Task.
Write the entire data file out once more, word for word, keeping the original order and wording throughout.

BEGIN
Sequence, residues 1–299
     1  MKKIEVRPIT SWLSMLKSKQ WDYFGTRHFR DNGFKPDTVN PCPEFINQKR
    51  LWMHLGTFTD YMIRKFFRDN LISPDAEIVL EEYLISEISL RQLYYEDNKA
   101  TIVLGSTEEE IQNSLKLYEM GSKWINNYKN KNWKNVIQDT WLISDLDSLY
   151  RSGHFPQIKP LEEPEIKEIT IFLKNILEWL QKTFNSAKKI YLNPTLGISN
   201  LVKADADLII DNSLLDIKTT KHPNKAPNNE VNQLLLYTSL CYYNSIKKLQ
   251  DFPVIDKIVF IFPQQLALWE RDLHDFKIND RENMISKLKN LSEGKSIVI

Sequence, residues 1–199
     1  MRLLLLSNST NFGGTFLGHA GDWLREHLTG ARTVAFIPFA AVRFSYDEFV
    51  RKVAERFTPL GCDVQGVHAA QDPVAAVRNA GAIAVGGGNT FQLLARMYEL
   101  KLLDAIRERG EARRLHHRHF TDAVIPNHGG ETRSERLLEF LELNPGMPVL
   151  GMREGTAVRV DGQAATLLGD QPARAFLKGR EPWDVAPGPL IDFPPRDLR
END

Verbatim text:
Sequence, residues 1–299
     1  MKKIEVRPIT SWLSMLKSKQ WDYFGTRHFR DNGFKPDTVN PCPEFINQKR
    51  LWMHLGTFTD YMIRKFFRDN LISPDAEIVL EEYLISEISL RQLYYEDNKA
   101  TIVLGSTEEE IQNSLKLYEM GSKWINNYKN KNWKNVIQDT WLISDLDSLY
   151  RSGHFPQIKP LEEPEIKEIT IFLKNILEWL QKTFNSAKKI YLNPTLGISN
   201  LVKADADLII DNSLLDIKTT KHPNKAPNNE VNQLLLYTSL CYYNSIKKLQ
   251  DFPVIDKIVF IFPQQLALWE RDLHDFKIND RENMISKLKN LSEGKSIVI

Sequence, residues 1–199
     1  MRLLLLSNST NFGGTFLGHA GDWLREHLTG ARTVAFIPFA AVRFSYDEFV
    51  RKVAERFTPL GCDVQGVHAA QDPVAAVRNA GAIAVGGGNT FQLLARMYEL
   101  KLLDAIRERG EARRLHHRHF TDAVIPNHGG ETRSERLLEF LELNPGMPVL
   151  GMREGTAVRV DGQAATLLGD QPARAFLKGR EPWDVAPGPL IDFPPRDLR